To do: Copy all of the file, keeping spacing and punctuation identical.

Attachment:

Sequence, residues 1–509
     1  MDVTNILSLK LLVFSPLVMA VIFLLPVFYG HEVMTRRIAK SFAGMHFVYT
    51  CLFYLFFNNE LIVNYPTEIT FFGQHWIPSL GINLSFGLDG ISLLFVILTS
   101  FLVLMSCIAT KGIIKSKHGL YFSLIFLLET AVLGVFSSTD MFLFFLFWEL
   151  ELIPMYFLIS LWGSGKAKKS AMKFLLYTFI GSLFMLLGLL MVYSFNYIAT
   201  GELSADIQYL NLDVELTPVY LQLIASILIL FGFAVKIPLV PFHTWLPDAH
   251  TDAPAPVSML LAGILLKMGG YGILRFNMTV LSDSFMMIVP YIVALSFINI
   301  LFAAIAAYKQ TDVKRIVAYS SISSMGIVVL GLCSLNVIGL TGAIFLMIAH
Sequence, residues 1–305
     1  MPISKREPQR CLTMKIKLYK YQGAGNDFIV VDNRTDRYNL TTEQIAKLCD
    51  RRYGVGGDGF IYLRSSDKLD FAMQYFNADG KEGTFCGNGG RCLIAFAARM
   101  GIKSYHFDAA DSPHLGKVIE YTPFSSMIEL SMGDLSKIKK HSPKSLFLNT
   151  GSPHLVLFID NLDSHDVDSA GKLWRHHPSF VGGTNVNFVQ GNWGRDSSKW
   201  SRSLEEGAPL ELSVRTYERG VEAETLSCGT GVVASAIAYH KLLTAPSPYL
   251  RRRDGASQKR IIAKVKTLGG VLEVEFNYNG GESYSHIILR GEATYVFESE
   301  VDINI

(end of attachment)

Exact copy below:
Sequence, residues 1–509
     1  MDVTNILSLK LLVFSPLVMA VIFLLPVFYG HEVMTRRIAK SFAGMHFVYT
    51  CLFYLFFNNE LIVNYPTEIT FFGQHWIPSL GINLSFGLDG ISLLFVILTS
   101  FLVLMSCIAT KGIIKSKHGL YFSLIFLLET AVLGVFSSTD MFLFFLFWEL
   151  ELIPMYFLIS LWGSGKAKKS AMKFLLYTFI GSLFMLLGLL MVYSFNYIAT
   201  GELSADIQYL NLDVELTPVY LQLIASILIL FGFAVKIPLV PFHTWLPDAH
   251  TDAPAPVSML LAGILLKMGG YGILRFNMTV LSDSFMMIVP YIVALSFINI
   301  LFAAIAAYKQ TDVKRIVAYS SISSMGIVVL GLCSLNVIGL TGAIFLMIAH
Sequence, residues 1–305
     1  MPISKREPQR CLTMKIKLYK YQGAGNDFIV VDNRTDRYNL TTEQIAKLCD
    51  RRYGVGGDGF IYLRSSDKLD FAMQYFNADG KEGTFCGNGG RCLIAFAARM
   101  GIKSYHFDAA DSPHLGKVIE YTPFSSMIEL SMGDLSKIKK HSPKSLFLNT
   151  GSPHLVLFID NLDSHDVDSA GKLWRHHPSF VGGTNVNFVQ GNWGRDSSKW
   201  SRSLEEGAPL ELSVRTYERG VEAETLSCGT GVVASAIAYH KLLTAPSPYL
   251  RRRDGASQKR IIAKVKTLGG VLEVEFNYNG GESYSHIILR GEATYVFESE
   301  VDINI